Until Sammy Spitz is a Household Name
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“I actually came up with [a stage name].” Sam Spitz leaned back in his chair with his fist clenched, fiercely trying to remember the name. “I had a really good one; I was in the library last week and I came up with it. Oh!” He shot up promptly. “Slammin’ Sammy! ‘Cuz I body every beat.”
Bodacious, young artist who marches to his own beat. Inexperienced extrovert phasing toward rebellion. However you put it, one thing is certain: Spitz won’t be held back by anybody’s judgments. Inspired by the classic rock foundations that his father set for him, Spitz creatively writes to, produces and performs music for the MA community and more.
Spitz is known primarily for his hit single, “The Flame”, in which he cleverly established himself as a unique up-and-coming lyricist willing to overcome any obstacle in order to make it to the top. Although the SoundCloud track was released over a year ago, its impact on the MA community is still evident, as Spitz claims he continues to hear students covering his verses around campus.
“Honestly, I knew ‘The Flame’ was going to become popular when I released it. I just knew it was going to be a major slap.”
The most iconic line from Spitz’s renowned debut lays in the first words of the song: “Two wrongs make a right and three rights make a left/ ‘Bout to flow on this banger ‘til I’m outta breath.” Spitz’s charisma and unparalleled intellect proved to create the ideal introduction to not only “The Flame”, but also the rap game as a whole.
“When I thought of that line I was just like sitting in my room, I think it was like 4 PM on a Friday.” He then closed his eyes and squinted his brow, deep in thought. “I’m just sitting there like ‘you know that saying ‘two wrongs make a right’? But in reality you go the wrong way three times by going right, you got a left turn.’” Admittedly, going into this interview I felt slightly worried that Spitz’s linguistic brilliance wouldn’t show as much in person compared to his recorded tracks. However, after hearing his explanation behind the lyric, I came to the realization that Spitz’s fluid articulation goes beyond written verses.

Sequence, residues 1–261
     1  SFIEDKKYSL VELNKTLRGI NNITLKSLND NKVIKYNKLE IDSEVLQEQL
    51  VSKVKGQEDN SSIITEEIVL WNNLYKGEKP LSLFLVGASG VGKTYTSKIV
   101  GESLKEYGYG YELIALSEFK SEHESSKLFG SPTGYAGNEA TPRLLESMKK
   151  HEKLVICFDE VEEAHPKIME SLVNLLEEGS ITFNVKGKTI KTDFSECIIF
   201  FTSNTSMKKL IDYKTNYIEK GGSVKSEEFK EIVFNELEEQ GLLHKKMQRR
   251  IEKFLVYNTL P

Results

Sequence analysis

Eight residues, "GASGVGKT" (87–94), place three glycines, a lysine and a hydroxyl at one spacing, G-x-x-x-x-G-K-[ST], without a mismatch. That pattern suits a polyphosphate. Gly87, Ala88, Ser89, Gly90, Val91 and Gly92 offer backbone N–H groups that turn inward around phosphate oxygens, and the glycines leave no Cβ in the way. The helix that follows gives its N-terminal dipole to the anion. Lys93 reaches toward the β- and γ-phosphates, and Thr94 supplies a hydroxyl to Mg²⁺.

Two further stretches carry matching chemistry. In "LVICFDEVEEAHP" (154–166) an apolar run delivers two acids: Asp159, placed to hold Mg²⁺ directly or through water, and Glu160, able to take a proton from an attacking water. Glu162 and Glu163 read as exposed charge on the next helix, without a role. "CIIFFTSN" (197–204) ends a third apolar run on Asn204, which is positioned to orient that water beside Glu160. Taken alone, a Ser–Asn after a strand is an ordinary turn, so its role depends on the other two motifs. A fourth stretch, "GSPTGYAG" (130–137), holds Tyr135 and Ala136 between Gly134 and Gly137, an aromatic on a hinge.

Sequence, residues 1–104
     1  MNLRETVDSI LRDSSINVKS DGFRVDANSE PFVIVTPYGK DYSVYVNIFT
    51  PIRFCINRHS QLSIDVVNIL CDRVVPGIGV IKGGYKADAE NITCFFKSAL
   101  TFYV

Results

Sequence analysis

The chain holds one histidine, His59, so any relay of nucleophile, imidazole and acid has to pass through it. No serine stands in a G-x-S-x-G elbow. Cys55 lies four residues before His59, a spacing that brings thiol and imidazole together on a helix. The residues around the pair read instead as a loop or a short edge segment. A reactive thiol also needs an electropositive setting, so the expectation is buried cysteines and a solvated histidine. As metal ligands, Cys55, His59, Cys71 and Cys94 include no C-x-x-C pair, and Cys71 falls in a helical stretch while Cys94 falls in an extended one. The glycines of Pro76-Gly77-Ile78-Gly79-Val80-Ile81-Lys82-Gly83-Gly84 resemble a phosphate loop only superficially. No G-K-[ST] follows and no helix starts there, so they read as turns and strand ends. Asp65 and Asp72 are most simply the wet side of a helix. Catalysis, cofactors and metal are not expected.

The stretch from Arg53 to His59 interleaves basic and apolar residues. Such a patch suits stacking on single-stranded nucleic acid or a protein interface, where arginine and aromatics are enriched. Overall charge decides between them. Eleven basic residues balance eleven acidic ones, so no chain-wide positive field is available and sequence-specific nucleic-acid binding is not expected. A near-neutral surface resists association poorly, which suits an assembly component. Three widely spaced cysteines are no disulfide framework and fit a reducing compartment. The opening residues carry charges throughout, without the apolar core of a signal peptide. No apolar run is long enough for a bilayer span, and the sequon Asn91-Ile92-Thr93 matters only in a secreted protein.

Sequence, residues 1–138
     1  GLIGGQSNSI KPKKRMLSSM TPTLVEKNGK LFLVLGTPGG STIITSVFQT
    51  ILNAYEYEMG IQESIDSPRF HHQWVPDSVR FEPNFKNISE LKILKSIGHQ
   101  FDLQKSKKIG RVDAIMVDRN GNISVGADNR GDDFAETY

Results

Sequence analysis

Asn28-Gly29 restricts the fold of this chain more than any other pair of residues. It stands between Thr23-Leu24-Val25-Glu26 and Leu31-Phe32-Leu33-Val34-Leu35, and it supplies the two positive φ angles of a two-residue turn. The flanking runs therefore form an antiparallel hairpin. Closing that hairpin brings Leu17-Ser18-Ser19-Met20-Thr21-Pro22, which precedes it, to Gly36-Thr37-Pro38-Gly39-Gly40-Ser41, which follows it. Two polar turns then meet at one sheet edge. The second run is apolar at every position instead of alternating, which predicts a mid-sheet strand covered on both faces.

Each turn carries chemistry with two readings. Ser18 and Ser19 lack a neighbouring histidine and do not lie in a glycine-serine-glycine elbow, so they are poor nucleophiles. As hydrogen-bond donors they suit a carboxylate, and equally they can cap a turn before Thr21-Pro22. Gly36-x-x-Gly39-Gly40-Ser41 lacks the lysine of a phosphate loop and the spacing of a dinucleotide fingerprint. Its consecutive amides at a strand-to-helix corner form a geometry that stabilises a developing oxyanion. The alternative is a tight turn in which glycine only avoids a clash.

“The track that really got it started was Forever (Drake ft. Kanye West, Lil Wayne, Eminem). I’ve listened to that so many times. That was the slap back in fifth grade.”
It is well known that Spitz has superb musical ability, however, many fail to see past Spitz’s intimidating rapping persona. A stellar academic student, Spitz hopes to attend Yale, MIT, or Rice next year.
“I think I’m going into investment banking or finance. It’s what my dad does, so it was kind of spun into me.” In fact, Spitz values the importance of academics over the legacy of his rap career. He’s not even interested in pursuing a professional music career. “That would be cool, but definitely the school stuff over anything else. Music is fun and all, but I feel like academics are more important most of the time.” As a leader of the Politics Club, Spitz also manages to be involved with the community by encouraging diverse thought outside the box of MA’s liberal norm.
“I want to be remembered [at MA] for a lot of things. I definitely want people to remember the impact I at least tried to make on the social community here, especially in regards to the talks about politics.”
Samuel Spitz’s musical ability is far beyond what one may think at first glance. From his valiancy on the microphone, to his Bay Area influenced production style, to his fearlessness on stage playing guitar, Spitz will continue to drop jaws for years to come. While he may plan to focus on a more academic field rather than a musical one, one thing is certain: wherever he lands, he won’t give up “until Sammy Spitz is a household name.”